However, the aforementioned time-saving strategy comes with risks and they had to carefully assess those risks.  For example, during cell line development, the top two clones selected for MCB generation were selected without waiting for bioreactor and product stability performance data. While this saved significant time, there was the risk that the eventual preferred clone or product would not have the desired properties in the subsequent scaled-up manufacturing process. So they had a mitigation plan to use ambr® analysis to evaluate clone performance in various simulated bioreactor conditions in parallel during clone selection. This is also where they could rely on the past data and success of their cell line development platform for early prediction of cell line stability and performance.

Another challenge was that in order to meet the timeline, there was not much time for process optimization, which created the risk of using a process that would generate a low product titer and yield and undesired impurity profile. Again, the WuXi Biologics team was able to leverage the knowledge of their CMC platform and the use of their high-throughput screening tools, to obtain process conditions faster and earlier. However, these high-throughput tools, which under this timeline ran in parallel across different functional areas (e.g., cell culture, formulation, and downstream development), generated a significant number of analytical samples that had to be analyzed in a short period of time. This could have caused a bottleneck for process development work but was resolved by increasing resources.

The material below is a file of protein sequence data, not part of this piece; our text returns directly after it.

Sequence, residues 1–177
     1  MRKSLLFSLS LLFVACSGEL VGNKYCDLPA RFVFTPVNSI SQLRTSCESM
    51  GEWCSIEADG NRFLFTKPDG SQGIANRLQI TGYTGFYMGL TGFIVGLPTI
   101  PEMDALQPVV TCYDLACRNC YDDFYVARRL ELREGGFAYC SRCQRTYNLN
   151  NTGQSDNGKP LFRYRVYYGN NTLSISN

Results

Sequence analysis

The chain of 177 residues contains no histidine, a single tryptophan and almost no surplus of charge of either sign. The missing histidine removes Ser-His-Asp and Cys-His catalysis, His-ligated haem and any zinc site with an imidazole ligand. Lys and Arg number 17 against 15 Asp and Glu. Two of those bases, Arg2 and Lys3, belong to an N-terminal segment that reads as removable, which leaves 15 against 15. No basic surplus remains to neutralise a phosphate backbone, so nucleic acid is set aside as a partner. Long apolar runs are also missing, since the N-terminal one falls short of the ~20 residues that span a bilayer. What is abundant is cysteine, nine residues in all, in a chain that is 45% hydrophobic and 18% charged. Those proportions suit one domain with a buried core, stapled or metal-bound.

Another challenge for the team was the requirement of generating enough representative material throughout the program for process and formulation development work, assay qualification and toxicology studies. As several of these activities were being conducted in parallel and in order to meet the accelerated timelines, it was not possible to wait until cell line development was completed to use the final clone to generate materials needed for all of these activities.  This strategy poses some risk as the material generated may not be completely representative of the same material generated from large-scale GMP manufacturing run, which used vials from the final selected MCB.  Here they used for development studies, their proprietary WuXian protein expression technology to provide sufficient yet representative amounts of product.  They had confidence from past programs that the material generated using the WuXian platform would be representative.  A 10-liter confirmation production run using the final clone was then provided for stability and release assay qualification activities and the formal IND-enabling toxicology study instead of waiting for material from a larger scale (e.g., 200 L) non-GMP pilot run. The toxicology study for infectious disease only requires three months, which aligned with the remaining CMC activities (e.g., pilot and GMP manufacturing and release testing) so that the IND could be filed per the requested timeline.

Lastly, with a one-stop service offering, the WuXi Biologics team was able to make the most efficient transition flow from one activity to another with minimal time gap between each activity. They also employed the strategy of initiating process transfer to the GMP facility in parallel with later-stage PD activities. Having a robust and high quality GMP operation, they moved forward with using the MCB in GMP production with a conditional release.  Likewise, once Drug Substance (DS) was generated they moved to Drug Product (DP) manufacture using a similar conditional release strategy without waiting for all assay lot release results to be finalized. In addition, because DS and DP manufacturing facilities are co-located in the same site, no time was lost moving material from one facility or to another vendor, which would have extended the timelines.